DNA replication enzymes can provide chemosensitivity – University of Copenhagen

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09 August 2018

DNA replication enzymes can provide chemosensitivity

Cancer research

Published in Science Advances, a study from the Groth laboratory BRIC, University of Copenhagen and theStracker group at IRB, Barcelona, shows that TLK1/2 enzymes are critical for faithful copying of the DNA and that TLK1/2 depletion enhances effectiveness of chemotherapeutic agents currently in clinical trials.

During cell growth, cells must copy their DNA through a process called DNA replication. For this process to be accurate, the genetic as well as the epigenetic information must be flawlessly copied. In this regard, the researchers in Copenhagen and Barcelona have now identified a key role for the TLK1 and TLK2 enzymes in DNA replication. The research is based on previous studies that suggested that TLK1/2 could be candidate targets in cancer therapy and provides new molecular details on their important functions in cancer cell proliferation.

“We have discovered that TLK activity is important to ensure proper packaging of newly synthesized DNA into chromatin and prevent DNA damage during the replication process. Our work also reveals that TLK inactivation potentiates cell killing by checkpoint inhibitors and provides a rationale for targeting TLKs in cancer treatment”, explains Professor Anja Groth.

TLK inhibition leads to replication stress (green) and extensive DNA damage (red) in cultured cancer cells.

Providing the fuel for the faithful duplication of DNA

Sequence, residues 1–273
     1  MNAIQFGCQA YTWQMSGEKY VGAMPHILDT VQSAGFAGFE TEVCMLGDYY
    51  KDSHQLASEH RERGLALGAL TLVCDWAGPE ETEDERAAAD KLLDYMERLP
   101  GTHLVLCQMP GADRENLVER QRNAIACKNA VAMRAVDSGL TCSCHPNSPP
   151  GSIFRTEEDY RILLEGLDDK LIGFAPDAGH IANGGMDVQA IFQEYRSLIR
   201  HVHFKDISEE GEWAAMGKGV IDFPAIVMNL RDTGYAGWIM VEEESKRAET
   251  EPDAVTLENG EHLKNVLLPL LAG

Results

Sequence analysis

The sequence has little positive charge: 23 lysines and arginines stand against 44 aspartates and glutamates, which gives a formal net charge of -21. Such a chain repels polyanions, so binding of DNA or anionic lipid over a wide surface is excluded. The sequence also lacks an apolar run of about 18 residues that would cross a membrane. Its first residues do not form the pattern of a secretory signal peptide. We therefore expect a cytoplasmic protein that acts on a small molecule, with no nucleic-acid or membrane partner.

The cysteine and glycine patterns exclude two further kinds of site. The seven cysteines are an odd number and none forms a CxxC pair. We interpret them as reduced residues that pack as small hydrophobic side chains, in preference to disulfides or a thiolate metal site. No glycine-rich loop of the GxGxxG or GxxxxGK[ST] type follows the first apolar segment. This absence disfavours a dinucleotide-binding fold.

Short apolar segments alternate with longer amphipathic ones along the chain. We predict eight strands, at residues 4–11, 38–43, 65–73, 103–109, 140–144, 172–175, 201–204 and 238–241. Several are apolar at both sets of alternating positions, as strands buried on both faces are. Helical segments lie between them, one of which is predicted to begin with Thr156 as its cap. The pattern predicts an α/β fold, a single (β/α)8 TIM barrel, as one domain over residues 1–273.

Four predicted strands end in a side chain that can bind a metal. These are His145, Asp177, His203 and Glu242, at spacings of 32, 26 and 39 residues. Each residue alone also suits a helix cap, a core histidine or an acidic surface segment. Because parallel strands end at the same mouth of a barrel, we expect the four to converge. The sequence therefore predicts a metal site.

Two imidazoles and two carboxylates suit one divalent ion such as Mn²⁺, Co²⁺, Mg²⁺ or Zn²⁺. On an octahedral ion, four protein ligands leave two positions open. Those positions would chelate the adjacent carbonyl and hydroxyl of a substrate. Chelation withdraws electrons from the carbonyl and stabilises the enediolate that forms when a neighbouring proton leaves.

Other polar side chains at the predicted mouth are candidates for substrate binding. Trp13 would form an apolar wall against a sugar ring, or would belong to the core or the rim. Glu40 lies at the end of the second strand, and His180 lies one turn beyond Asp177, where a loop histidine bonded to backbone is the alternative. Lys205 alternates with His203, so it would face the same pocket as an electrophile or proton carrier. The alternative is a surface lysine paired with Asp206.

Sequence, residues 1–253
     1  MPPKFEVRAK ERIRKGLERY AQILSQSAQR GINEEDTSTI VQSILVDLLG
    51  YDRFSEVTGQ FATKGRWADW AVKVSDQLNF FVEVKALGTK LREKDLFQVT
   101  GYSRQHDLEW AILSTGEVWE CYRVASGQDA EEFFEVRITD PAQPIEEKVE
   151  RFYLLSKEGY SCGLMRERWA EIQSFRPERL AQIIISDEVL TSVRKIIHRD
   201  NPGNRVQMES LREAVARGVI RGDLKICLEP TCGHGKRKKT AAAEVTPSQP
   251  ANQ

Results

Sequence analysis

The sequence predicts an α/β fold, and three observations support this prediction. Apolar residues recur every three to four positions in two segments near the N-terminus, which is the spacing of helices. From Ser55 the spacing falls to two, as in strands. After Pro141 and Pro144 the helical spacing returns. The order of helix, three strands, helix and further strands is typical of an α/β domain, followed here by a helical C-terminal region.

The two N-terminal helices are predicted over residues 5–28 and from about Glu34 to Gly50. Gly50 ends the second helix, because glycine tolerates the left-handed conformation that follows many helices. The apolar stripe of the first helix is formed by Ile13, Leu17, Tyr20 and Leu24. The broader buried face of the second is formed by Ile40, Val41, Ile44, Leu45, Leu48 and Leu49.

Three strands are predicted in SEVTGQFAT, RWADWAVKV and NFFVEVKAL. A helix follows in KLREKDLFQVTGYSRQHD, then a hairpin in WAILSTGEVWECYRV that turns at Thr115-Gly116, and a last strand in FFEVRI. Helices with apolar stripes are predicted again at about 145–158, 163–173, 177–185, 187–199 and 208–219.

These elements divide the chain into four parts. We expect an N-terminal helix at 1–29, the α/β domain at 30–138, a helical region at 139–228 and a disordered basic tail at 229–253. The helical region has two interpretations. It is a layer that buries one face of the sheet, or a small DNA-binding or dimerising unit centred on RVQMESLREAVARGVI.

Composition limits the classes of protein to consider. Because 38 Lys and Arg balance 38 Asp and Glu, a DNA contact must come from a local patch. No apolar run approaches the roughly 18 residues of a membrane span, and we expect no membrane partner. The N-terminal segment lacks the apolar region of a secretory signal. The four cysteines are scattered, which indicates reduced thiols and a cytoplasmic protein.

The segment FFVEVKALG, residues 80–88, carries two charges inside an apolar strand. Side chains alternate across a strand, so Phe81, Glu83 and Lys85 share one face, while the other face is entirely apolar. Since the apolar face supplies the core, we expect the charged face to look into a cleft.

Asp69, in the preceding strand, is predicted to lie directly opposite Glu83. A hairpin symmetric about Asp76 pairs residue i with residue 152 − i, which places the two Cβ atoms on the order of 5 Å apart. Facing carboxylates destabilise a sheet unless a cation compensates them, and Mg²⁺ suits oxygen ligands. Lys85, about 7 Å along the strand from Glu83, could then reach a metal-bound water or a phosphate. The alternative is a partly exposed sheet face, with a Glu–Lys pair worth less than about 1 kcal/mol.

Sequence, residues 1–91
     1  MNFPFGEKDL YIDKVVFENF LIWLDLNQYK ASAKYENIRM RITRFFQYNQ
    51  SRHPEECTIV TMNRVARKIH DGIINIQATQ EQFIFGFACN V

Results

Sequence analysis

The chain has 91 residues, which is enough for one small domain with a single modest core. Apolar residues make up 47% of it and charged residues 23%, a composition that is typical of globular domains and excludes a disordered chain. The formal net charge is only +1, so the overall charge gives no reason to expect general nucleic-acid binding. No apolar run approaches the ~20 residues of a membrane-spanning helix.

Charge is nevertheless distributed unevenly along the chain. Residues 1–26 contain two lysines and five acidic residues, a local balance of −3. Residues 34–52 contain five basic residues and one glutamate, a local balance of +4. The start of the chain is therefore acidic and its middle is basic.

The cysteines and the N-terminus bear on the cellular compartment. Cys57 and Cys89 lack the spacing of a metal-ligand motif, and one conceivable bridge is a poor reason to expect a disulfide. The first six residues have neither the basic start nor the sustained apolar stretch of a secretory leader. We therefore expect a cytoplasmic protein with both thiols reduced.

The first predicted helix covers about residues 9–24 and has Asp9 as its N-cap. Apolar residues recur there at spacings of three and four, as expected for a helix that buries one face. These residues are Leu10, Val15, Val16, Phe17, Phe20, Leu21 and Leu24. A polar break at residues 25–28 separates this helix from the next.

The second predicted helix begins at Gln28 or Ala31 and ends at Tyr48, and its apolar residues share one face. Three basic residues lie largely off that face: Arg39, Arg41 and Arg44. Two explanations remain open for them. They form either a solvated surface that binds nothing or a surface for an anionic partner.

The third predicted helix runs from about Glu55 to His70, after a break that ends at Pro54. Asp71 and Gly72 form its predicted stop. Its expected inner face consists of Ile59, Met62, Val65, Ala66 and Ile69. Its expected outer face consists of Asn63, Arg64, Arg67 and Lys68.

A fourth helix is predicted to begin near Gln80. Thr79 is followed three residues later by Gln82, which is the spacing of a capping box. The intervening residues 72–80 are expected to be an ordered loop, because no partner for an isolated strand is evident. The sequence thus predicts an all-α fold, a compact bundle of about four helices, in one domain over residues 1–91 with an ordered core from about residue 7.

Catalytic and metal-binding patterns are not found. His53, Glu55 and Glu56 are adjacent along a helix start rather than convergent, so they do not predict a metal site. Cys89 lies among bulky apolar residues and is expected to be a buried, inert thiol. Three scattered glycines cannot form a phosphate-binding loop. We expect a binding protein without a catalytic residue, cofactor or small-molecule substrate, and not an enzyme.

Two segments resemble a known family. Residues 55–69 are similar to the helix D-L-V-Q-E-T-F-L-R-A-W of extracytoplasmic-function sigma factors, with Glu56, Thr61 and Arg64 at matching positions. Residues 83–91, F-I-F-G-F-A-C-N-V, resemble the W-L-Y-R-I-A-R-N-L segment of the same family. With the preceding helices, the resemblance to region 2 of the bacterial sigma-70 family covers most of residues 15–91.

The researchers demonstrated that TLK1 and TLK2 activity is crucial for regulating the supply of histones, abundant proteins that protect the DNA, provide structure and carry epigenetic information. By ensuring sufficient new histones for chromatin assembly, the TLKs promote chromatin restoration and stabilize DNA during replication.  

Potential targets for cancer therapy

The researchers examined the status of the TLK1 and TLK2 genes in over 7000 patient samples made publically available by the Cancer Genome Atlas project. They found that TLK1 and TLK2 are rarely mutated in cancers, suggesting a potentially conserved role. In many cases the TLK1 and TLK2 genes were duplicated or over-expressed and in several cancer types, high expression correlated with poor patient outcome.

While TLK1/2 have been proposed to be potential targets for cancer therapy, this work demonstrates that their inhibition could be useful for the treatment of various kinds of cancer and may enhance the activity of several chemotherapeutic agents currently in clinical trials. This provides further evidence that these enzymes may be important targets for future drug development.

This collaborative study has used state-of-the-art molecular approaches to analyze DNA replication and DNA damage, as well as the computational analysis of publicly available cancer data from the Cancer Genome Atlas (TCGA) project and was also made in collaboration with Camille Stephan-Otto Attolini, head of the Biostatistics and Bioinformatics Facility at IRB Barcelona.

Work at BRIC has been supported by the Lundbeck Foundation, the Danish Cancer Society, the Danish National Research Foundation to the Center for Epigenetics [DNRF82], the European Commission ITN FP7 'aDDRess', a European Research Council Starting Grant, the Independent Research Fund Denmark, the NEYE Foundation, and the Novo Nordisk Foundation.